Author: AOML Communications

Study Finds Atlantic Meridional Overturning Circulation Increases Flood Risk Along the United States Southeastern Coast

Sea level rise is one of the most challenging consequences of global warming. A new collaborative study led by Dr. Denis Volkov from NOAA-AOML and the University of Miami’s Cooperative Institute of Marine and Atmospheric Studies found that Atlantic Meridional Overturning Circulation (AMOC) induced changes in basin-wide ocean heat content are influencing the frequency of floods along the United States southeastern coast. 

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Low Net Carbonate Accretion Characterizes Florida’s Coral Reef

John T. Morris, Ian C. Enochs, et al.

Coral reef habitat is created when calcium carbonate production by calcifiers exceeds removal by physical and biological erosion. Carbonate budget surveys provide a means of quantifying the framework-altering actions of diverse assemblages of marine species to determine net carbonate production, a single metric that encapsulates reef habitat persistence. In this study, carbonate budgets were calculated for 723 sites across the Florida Reef Tract (FRT) using benthic cover and parrot fish demographic data from NOAA’s National Coral Reef Monitoring Program, as well as high resolution LiDAR topobathymetry. Results highlight the erosional state of the majority of the study sites, with a trend towards more vulnerable habitat in the northern FRT, especially in the Southeast Florida region (− 0.51 kg CaCO3m−2 year−1), which is in close proximity to urban centers. Detailed comparison of reef types reveals that mid-channel reefs in the Florida Keys have the highest net carbonate production (0.84 kg CaCO3 m−2 year− 1) and indicates that these reefs may be hold-outs for reef development throughout the region. This study reports that Florida reefs, specifically their physical structure, are in a net erosional state. As these reefs lose structure, the ecosystem services they provide will be diminished, signifying the importance of increased protections and management efforts to offset these trends.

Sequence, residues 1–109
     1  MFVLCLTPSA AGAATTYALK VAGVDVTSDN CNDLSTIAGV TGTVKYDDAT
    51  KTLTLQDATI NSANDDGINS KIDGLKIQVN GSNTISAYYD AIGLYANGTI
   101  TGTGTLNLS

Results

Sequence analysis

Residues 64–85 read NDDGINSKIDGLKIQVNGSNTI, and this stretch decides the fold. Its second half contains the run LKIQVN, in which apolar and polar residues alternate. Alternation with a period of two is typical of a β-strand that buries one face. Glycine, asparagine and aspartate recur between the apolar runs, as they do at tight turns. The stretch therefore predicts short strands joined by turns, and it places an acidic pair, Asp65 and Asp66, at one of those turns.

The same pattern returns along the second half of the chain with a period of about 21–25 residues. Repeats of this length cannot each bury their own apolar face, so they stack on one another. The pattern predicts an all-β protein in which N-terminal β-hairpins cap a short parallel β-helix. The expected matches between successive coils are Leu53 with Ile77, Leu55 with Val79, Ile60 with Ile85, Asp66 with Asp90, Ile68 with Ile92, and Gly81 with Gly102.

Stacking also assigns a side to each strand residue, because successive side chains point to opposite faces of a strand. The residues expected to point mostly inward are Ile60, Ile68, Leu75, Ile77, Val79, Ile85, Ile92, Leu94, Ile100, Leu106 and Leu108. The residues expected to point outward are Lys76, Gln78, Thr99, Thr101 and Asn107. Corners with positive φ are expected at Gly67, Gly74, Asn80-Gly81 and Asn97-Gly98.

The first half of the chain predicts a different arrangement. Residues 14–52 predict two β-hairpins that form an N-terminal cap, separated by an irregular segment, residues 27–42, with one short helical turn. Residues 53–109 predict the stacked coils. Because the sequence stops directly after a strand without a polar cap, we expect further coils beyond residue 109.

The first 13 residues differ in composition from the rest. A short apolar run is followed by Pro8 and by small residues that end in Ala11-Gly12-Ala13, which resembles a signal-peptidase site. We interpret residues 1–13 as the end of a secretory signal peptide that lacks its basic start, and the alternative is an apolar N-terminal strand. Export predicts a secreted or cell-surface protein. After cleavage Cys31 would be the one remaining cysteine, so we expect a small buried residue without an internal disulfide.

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Landmark study analyzes global ocean carbon storage over two decades, indicates weakening of ocean carbon sink

A landmark study published last week demonstrates that the ocean’s role as a carbon sink and its ability to store anthropogenic, or human-caused, carbon may be weakening. A collaboration among international researchers led by Jens Daniel Müller, Ph.D. (ETH Zurich), this study captures a snapshot of three decades of global interior ocean measurements to determine […]

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Improving Monitoring of Coastal Inundations of Sargassum with Wind and Citizen Science Data

In a new study, scientists from NOAA, University of South Florida, Florida International University, University of Miami, and LGL Ecological Associates, compared wind information alongside Sargassum Inundation Risk (SIR) maps against citizen science reports of inundation in the coasts of Florida, Gulf of Mexico, Bahamas, and Caribbean regions. With present SIR maps, inundation is considered as more likely if large densities of satellite-detected Sargassum are near a coast. The scientists in the study found that shoreward wind velocity used in conjunction with SIR indicators greatly improves the agreement with coastal observations of Sargassum beaching compared to SIR indicators alone. Including wind metrics in SIR maps will allow for improved understanding of Sargassum trajectories in coastal areas for forecast purposes.